A product manager has a lot on their plate, including tons of day-to-day responsibilities, holding research, allocating resources to a project, identifying the product vision, and communicating directly with the stakeholders. This is why imposter syndrome as a product manager is quite common.
The battle between imposter syndrome and product managers is primarily because of the work, the demands they are likely to fulfil, and the environment. When you don’t get the feeling of belonging in the role, that’s when the syndrome strikes worst.
Knowing Imposter Syndrome
Imposter Syndrome is when you get the gut feeling of fraud. The syndrome makes you believe you don’t fit the role that you have been assigned to and it’s just luck that you are in the position.
Moreover, the syndrome can push you to the extreme of thinking that you don’t deserve anything, let alone a successful career. When imposter syndrome strikes, a product manager often feels deviated and is left with self-doubts where they question their abilities and are anxious.
2 Different Ways in which Imposter Syndrome Affects PMs
The three main ways how imposter syndrome affects PMs are:
It is scary for anyone to kick off with new things and eventually branch out in their career. All of this inflicts self-doubt. As a PM, getting acquainted with self-doubt is quite common, especially when leading a new project or job.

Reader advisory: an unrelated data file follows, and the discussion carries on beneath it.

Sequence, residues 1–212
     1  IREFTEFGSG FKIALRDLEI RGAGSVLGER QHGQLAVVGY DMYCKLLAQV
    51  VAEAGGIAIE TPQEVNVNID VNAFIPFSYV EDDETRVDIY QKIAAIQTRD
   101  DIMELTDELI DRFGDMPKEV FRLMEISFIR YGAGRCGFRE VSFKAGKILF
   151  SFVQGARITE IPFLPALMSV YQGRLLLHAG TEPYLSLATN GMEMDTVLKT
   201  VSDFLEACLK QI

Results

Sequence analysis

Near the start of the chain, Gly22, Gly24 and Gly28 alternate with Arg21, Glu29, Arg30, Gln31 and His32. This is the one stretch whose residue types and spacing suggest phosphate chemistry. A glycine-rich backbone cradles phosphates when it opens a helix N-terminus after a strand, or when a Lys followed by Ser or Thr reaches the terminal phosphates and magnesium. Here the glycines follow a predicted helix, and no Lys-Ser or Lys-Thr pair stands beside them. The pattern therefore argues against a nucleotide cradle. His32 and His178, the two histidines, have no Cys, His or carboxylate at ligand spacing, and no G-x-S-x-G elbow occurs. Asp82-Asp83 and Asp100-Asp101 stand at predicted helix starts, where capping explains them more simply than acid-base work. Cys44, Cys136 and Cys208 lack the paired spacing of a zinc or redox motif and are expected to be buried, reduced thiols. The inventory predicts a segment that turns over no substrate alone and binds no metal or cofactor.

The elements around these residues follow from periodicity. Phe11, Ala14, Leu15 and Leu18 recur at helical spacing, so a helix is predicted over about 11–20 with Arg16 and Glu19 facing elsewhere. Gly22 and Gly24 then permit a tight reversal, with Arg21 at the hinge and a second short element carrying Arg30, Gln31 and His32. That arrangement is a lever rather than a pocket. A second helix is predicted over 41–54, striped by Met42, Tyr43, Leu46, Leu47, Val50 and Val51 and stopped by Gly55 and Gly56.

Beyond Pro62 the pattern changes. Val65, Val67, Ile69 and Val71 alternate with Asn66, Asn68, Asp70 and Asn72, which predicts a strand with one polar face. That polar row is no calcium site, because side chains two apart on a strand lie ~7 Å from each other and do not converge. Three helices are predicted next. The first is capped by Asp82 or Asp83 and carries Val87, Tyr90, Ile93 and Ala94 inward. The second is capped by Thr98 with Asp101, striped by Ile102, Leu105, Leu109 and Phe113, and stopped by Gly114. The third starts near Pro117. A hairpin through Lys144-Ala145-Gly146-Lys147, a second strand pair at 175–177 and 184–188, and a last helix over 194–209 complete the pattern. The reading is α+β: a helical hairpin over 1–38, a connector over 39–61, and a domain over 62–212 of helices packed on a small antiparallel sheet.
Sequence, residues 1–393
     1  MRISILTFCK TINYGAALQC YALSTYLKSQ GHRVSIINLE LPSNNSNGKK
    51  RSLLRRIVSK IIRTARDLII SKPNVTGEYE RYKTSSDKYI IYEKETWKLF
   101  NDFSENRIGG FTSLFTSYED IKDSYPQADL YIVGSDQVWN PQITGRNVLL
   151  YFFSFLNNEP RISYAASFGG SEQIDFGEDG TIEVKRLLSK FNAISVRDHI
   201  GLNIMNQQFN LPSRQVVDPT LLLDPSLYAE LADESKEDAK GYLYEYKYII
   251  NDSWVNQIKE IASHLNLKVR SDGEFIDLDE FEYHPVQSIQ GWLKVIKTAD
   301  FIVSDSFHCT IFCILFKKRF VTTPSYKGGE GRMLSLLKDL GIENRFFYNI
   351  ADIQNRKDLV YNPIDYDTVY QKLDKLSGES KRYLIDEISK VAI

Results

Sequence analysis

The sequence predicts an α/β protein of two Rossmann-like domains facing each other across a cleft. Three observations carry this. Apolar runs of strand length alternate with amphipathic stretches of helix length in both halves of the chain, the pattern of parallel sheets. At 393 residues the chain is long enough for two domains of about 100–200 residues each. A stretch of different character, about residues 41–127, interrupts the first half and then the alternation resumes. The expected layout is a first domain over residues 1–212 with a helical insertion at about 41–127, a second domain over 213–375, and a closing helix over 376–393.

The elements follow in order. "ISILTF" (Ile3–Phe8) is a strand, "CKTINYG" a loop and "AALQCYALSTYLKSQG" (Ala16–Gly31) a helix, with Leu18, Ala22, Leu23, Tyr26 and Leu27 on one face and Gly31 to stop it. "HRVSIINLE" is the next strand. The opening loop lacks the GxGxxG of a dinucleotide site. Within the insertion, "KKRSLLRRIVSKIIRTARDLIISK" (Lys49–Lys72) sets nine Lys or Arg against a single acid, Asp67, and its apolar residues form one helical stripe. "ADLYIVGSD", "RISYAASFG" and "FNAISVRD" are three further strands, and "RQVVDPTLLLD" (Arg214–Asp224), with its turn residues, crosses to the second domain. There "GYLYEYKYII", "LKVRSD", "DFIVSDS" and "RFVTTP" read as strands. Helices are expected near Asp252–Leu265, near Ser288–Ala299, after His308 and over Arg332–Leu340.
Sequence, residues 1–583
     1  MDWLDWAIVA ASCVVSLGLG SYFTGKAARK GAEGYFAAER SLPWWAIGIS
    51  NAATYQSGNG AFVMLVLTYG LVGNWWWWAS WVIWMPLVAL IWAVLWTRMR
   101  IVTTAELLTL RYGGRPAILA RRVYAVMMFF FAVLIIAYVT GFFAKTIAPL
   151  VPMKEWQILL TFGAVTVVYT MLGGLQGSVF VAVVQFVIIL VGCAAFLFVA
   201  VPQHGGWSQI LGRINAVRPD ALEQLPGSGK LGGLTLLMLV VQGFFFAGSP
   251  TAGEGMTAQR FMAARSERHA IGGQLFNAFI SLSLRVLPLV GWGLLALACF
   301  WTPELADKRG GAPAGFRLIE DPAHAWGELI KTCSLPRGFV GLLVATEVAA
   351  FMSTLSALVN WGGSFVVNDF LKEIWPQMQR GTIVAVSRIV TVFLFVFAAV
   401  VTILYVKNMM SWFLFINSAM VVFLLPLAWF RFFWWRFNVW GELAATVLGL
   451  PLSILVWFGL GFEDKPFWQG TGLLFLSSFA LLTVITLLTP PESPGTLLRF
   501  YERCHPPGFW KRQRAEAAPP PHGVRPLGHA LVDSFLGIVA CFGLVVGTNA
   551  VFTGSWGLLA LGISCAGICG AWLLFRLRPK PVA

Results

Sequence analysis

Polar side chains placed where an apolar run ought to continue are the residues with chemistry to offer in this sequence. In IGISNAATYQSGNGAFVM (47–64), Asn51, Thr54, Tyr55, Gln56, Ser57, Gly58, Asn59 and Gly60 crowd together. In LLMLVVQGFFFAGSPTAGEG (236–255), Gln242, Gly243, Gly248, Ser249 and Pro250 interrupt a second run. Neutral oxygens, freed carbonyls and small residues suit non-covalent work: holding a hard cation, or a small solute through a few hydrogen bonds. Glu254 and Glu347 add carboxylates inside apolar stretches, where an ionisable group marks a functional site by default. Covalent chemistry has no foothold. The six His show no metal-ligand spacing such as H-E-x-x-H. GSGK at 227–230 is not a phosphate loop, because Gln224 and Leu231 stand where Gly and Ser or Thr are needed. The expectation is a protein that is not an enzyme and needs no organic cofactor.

Even the most skilled PMs go through this phase, and the only way to overcome this feeling is by embracing the opportunity and acknowledging constant learning.
2. Being Perfect
Well, humans will make mistakes regardless of their skills and expertise. The same goes for product managers. Most people think they can’t make mistakes because they are perfect at their job. However, that’s not the case, and thinking PMs are perfect can hole them out and inflate their expectations.
What Causes Imposter Syndrome?
Here are the most common reasons why imposter syndrome becomes a cause:
1. Low Self-Efficacy
Self-efficacy is nothing but a belief that one will succeed in every task that is put upon them. Product managers with low self-efficacy go through this feeling of not being enough for the job regardless of their brilliant performance.
They will often undervalue their skills and will tag success as a coincidence.
2. New Task
This is, again, a very common reason why PMs go through imposter syndrome. Whenever there is a new project or task at hand, it is obvious to other people who know more than you currently do. So, PMs often think and compare themselves to those who know it all.
This leads them towards overwhelming and stressing out by the fear of failure. Thus, ideally, it is best to adapt slowly to the conditions and get used to the work.
4 Ways To Overcome Imposter Syndrome as PM!
Nothing can help you overcome imposter syndrome as a PM, but here’s how you can get started to overcome imposter syndrome.
1. Avoid being Perfect